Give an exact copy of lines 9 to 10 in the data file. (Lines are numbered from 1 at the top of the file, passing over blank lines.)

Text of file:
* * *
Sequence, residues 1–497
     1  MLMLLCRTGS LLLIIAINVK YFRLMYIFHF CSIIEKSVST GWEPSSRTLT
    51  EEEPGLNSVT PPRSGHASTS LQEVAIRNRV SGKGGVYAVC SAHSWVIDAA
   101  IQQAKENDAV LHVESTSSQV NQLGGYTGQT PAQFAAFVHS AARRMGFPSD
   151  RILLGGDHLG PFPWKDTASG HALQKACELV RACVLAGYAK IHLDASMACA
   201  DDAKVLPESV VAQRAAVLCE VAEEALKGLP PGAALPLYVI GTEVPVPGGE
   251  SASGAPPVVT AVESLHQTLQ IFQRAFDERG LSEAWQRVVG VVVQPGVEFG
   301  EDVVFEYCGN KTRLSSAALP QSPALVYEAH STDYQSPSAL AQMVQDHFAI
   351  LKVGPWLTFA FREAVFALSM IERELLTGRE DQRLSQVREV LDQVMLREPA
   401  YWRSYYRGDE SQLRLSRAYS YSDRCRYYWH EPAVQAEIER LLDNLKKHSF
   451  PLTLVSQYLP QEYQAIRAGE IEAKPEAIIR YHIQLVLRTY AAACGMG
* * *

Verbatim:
   351  LKVGPWLTFA FREAVFALSM IERELLTGRE DQRLSQVREV LDQVMLREPA
   401  YWRSYYRGDE SQLRLSRAYS YSDRCRYYWH EPAVQAEIER LLDNLKKHSF